Research Proves That Delayed Responses Hurt You

Research Proves That Delayed Responses Hurt You

Instant ecommunication equals sky high expectations.

I’ve talked before about how responsiveness – or lack thereof – can make or break your reputation at work. Typically, I complain about people who never answer emails unless there’s something in it for them at that moment, or who take weeks to do so. However, it turns out that most people’s definition of responsiveness is even stricter than I would have thought. It turns out that your colleagues don’t want to wait for you at all.

Same Day Response is the New Normal

MailTime is an app that converts email to a text message format via the smartphone. The founders recently conducted a study of 1,500 professionals to evaluate email etiquette in 2014-15. What they discovered may surprise you.

Most people (52 percent) expect you to answer work-related emails within 24 hours, and 19 percent want that response within 12 hours. The more time that goes by, the less people tolerate. Only 3 percent think it’s appropriate to answer emails within a week. More than that? Forget about it.

Wi Fi: A Blessing or a Curse?

As technology becomes more and more instantaneous, it’s no longer acceptable to pretend you didn’t see a message right away, or even to cite the “I was traveling” excuse. Wi Fi is everywhere, so except for those precious few hours on the plane (for now, while you still have to pay extra fees), you’re on the hook to get back to co-workers within hours. Unless you’re 80, the 90s model of checking email once or twice a day is long gone.

Slow Responders Reap the Consequences

There was a time when people thought email was going away, but things have evolved quite differently. For the time being, email is still the default method of communication inside the global business world.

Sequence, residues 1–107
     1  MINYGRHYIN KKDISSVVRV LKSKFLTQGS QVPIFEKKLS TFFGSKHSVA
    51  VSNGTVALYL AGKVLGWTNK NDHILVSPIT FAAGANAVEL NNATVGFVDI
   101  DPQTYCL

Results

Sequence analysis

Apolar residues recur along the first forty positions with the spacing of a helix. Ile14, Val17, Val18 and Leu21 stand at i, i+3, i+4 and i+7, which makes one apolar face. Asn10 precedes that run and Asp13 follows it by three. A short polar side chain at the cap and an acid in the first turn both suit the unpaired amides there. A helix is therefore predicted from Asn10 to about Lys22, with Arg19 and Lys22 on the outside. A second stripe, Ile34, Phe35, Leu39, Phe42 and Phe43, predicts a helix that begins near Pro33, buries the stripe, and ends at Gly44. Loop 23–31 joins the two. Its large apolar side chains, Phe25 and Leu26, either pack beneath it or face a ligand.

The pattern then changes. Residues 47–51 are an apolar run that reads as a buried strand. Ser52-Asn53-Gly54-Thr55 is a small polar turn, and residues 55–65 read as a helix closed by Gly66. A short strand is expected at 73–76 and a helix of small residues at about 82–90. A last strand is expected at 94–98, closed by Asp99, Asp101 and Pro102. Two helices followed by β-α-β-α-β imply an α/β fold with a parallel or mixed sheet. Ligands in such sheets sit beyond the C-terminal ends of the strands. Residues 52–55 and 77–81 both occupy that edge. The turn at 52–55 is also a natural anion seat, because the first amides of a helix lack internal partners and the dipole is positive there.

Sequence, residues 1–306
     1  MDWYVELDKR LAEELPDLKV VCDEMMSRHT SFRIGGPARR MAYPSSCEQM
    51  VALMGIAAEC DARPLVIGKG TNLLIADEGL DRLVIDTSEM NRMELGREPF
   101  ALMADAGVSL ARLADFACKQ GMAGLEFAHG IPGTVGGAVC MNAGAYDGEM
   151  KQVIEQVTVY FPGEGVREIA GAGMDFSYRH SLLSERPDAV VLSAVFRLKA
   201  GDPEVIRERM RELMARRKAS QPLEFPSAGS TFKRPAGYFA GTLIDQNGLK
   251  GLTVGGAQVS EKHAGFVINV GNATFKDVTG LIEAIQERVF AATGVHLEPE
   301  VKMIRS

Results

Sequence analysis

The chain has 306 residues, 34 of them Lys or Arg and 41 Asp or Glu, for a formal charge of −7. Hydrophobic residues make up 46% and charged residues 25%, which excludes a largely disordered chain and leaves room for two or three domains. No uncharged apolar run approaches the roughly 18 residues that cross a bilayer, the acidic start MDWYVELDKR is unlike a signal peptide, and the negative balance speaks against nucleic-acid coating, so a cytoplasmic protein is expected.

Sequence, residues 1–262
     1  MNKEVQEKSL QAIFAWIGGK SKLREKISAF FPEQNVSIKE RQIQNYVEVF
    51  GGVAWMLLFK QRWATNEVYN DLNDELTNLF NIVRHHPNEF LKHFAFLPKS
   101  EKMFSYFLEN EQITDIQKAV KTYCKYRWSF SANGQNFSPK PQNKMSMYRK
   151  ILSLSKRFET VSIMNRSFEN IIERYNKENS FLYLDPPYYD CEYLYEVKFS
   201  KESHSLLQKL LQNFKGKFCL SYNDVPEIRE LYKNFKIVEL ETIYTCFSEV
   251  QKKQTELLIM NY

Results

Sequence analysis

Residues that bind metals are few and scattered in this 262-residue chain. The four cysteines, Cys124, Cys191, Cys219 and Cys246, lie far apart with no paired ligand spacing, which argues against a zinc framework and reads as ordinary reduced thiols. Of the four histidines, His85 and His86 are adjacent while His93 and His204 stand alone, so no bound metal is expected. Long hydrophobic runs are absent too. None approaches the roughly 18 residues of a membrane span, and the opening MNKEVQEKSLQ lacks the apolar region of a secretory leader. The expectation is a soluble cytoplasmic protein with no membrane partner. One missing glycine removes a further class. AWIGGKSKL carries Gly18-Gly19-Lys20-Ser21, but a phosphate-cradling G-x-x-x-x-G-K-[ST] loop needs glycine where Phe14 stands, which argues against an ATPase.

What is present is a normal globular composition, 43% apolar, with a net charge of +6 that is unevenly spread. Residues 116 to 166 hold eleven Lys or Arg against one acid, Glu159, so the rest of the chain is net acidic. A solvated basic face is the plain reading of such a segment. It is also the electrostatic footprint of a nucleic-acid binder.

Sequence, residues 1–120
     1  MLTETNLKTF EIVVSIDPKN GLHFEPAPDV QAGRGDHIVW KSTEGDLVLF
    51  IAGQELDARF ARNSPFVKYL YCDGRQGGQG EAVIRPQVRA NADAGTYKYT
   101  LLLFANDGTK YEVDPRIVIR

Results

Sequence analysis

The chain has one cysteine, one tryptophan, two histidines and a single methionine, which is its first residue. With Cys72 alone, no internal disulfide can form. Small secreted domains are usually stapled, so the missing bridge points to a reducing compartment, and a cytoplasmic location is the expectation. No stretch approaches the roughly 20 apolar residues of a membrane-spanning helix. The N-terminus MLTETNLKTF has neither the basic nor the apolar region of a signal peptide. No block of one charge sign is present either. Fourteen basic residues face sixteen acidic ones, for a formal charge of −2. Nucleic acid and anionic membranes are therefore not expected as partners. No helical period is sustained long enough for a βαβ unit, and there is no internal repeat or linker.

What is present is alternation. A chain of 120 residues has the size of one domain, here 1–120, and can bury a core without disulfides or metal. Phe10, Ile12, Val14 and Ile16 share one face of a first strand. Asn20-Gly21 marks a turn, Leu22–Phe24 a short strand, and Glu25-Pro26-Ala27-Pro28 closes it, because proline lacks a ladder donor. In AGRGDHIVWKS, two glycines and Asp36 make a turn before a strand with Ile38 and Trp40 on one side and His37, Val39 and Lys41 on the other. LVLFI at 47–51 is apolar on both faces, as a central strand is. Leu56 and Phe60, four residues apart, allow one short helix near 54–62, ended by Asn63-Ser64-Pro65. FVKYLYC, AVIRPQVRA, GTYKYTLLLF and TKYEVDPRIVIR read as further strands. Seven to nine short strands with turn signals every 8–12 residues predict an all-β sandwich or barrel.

What happens when you take too long to respond to a message? To start, you could lose business. In my own line of work, prospective clients frequently email several speakers/writers at once and go with the person who sends back the most satisfactory response in the least amount of time. Second, you’re in danger of a misunderstanding. The sender may think the lapsed communication means you are trying to ignore him, or that you don’t think he is important.

When you get into the habit of failing to respond in a timely manner, people start to question your competence, level of organization, and work ethic. They resent having to chase you down for an answer, and they start to avoid working with you. Word gets around, and pretty soon, your overall reputation is suffering.

“But I Actually Have a Job Besides Answering Email!”

You’re busy. Really busy. And if you thoroughly answered every email that popped onto your smartphone right away, you would never get anything done. Not only does it take longer to type on a smartphone (for most of us), but you’d be constantly interrupting true productive work.

That’s why, in an article for the Pittsburgh Post Gazette, MailTime founder Charlie Sheng recommends that you get back to people right away with a one-liner letting them know that you received the message, and that a more detailed response is forthcoming. This way, you appease them while buying yourself time to compose a thoughtful response later.

In case you are feeling overwhelmed by these results, you can rest easy knowing that apparently expectations for personal email responses are not quite as high. Sixty percent of those surveyed by MailTime said they expect responses to personal emails within 48 hours, and a full 10 percent are willing to wait a week.

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